Hand, foot, and mouth disease is a contagious illness that mainly affects children under five. In this podcast, Dr. Eileen Schneider talks about the symptoms of hand, foot, and mouth disease, how it spreads, and ways to help protect yourself and your children from getting infected with the virus. Created: 8/8/2013 by National Center for Immunization and Respiratory Diseases (NCIRD).
Date Released: 8/8/2013. Series Name: CDC Featured Podcasts.
[Announcer] This podcast is presented by the Centers for Disease Control and Prevention.
If you take care of children, you need the facts about hand, foot, and mouth disease.
Hi, I'm Dr. Eileen Schneider, a medical epidemiologist at the CDC. Hand, foot, and mouth disease is a contagious illness caused by viruses. It mainly affects children younger than five, but older children and adults can get it, too.
Hand, foot, and mouth disease is sometimes confused with foot and mouth disease, but the two have nothing to do with each other. Foot and mouth disease only affects animals.
In this podcast, you’ll learn about the symptoms of hand, foot, and mouth disease, how it spreads, and ways to help protect yourself and your children from getting infected.
If you get hand, foot, and mouth disease, you may experience fever, reduced appetite, sore throat, and a vague feeling of being unwell. A day or two later, you may get painful sores in your mouth. You may also develop a non-itchy skin rash on the palms of your hands and soles of your feet. This rash can also occur on your knees, elbows, and some other parts of your body. The rash appears as flat, red dots that may turn into bumps or blisters. In the United States, people usually get the disease in the spring, summer, and fall.
Hand, foot, and mouth disease usually causes mild illness, and most people completely recover in seven to 10 days. But children can experience a significant amount of discomfort. Painful mouth sores may make it hard to swallow, which can lead to dehydration. If your child is having trouble drinking fluids, or if you’re concerned about symptoms, call your health care provider immediately.
If you get infected with the viruses that cause hand, foot, and mouth disease, you may not get all the symptoms. You may get only mouth sores or skin rash. And some people, including most adults, have no symptoms at all. Even so, they can still pass the virus to others.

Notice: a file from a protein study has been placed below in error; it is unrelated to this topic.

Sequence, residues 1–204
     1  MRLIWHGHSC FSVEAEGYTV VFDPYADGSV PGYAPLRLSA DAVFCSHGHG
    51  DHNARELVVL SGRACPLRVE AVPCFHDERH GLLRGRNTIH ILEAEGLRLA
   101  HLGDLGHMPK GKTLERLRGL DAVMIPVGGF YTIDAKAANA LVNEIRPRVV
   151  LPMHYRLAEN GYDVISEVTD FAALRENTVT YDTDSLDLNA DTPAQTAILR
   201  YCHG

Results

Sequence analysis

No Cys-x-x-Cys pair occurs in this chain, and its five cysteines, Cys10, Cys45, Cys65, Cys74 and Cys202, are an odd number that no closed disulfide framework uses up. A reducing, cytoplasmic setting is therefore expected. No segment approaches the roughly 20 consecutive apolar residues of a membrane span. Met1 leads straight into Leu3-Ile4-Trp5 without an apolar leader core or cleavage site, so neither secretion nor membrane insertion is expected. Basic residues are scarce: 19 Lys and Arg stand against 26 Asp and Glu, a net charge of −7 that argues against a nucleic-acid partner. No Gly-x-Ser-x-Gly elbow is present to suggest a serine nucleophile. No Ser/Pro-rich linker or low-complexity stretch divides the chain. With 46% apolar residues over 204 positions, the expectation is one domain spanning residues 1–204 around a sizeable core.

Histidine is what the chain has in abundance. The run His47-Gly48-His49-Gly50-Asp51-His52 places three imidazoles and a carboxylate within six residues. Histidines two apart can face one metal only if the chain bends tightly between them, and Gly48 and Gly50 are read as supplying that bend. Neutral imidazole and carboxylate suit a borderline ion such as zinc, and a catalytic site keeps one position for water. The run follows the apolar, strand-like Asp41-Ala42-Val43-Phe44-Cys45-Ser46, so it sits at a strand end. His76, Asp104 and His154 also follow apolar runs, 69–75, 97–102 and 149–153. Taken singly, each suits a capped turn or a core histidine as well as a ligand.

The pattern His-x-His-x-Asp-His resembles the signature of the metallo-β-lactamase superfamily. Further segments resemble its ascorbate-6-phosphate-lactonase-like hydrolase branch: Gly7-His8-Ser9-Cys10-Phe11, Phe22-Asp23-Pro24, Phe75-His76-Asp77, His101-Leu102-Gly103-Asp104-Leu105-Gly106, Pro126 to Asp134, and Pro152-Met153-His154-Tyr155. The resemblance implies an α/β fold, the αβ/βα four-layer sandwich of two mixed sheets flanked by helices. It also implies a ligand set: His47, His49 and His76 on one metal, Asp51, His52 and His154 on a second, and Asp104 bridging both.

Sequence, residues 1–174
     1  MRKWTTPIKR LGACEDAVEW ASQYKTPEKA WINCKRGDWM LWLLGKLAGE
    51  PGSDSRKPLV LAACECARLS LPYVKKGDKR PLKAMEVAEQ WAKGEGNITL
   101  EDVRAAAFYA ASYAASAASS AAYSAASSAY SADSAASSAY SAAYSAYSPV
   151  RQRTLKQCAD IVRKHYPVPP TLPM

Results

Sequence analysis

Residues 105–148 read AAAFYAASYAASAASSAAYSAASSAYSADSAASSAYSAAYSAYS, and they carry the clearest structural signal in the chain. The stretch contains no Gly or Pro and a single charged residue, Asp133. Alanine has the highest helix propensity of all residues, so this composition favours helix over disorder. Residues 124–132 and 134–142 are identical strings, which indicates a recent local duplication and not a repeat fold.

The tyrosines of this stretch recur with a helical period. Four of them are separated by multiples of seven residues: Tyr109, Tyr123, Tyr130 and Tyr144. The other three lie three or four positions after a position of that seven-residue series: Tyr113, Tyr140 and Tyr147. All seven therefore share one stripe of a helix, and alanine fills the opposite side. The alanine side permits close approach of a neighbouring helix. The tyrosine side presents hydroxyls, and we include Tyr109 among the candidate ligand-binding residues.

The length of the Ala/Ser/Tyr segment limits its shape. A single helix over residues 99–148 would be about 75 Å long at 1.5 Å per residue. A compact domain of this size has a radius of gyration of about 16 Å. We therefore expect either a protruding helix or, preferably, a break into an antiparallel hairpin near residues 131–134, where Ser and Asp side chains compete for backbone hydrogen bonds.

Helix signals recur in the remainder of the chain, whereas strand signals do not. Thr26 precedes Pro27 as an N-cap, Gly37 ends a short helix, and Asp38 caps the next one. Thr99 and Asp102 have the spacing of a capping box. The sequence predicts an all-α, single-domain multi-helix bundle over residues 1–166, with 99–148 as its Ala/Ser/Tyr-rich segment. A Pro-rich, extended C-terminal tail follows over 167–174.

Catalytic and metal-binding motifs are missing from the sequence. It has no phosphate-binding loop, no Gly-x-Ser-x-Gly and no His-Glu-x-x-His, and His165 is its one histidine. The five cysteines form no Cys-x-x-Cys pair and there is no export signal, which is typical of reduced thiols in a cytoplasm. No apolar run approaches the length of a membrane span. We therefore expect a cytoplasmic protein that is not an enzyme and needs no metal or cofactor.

The viruses that cause hand, foot, and mouth disease spread easily when an infected person coughs or sneezes and the droplets are inhaled by the people around them. You can also get infected by touching a surface that has viruses on it, such as a toy or doorknob, and then touching your eyes, nose, or mouth.
The viruses can also spread through blister fluid or stool from an infected person. This often occurs when changing a diaper or potty-training. People with hand, foot, and mouth disease are most contagious during the first week their symptoms appear.
To help protect others from being infected, you should stay at home while you’re sick with hand, foot, and mouth disease. Keep children home until their fever goes away and their sores have healed. This will help reduce the spread of illness, but it won’t eliminate it completely.
The virus that causes hand, foot, and mouth disease can live in a person’s body for weeks, even after symptoms disappear. If you’re not sure when to return to work or send your children back to school, ask your health care provider.
If you do get hand, foot, and mouth disease, there’s no treatment. Hand, foot, and mouth disease is caused by a virus and antibiotics do not work against viruses. You can help relieve symptoms by using a mouthwash or spray that numbs mouth pain. Over-the-counter medications can help reduce pain and fever, but children should never take aspirin.
There is no vaccine for hand, foot, and mouth disease, but there are things you can do to help protect yourself and your children from getting it.
• Wash your hands often with soap and water, especially after changing diapers and using the bathroom;
• Avoid touching your eyes, nose, and mouth with unwashed hands;
• Avoid close contact with an infected person, including kissing, hugging, and sharing cups and eating utensils;
• And disinfect frequently touched surfaces, such as toys and doorknobs.
To learn more about hand, foot, and mouth disease, visit www.cdc.gov and select “Hand, Foot, and Mouth Disease” from the A to Z list.
[Announcer] For the most accurate health information, visit www.cdc.gov or call 1-800-CDC-INFO.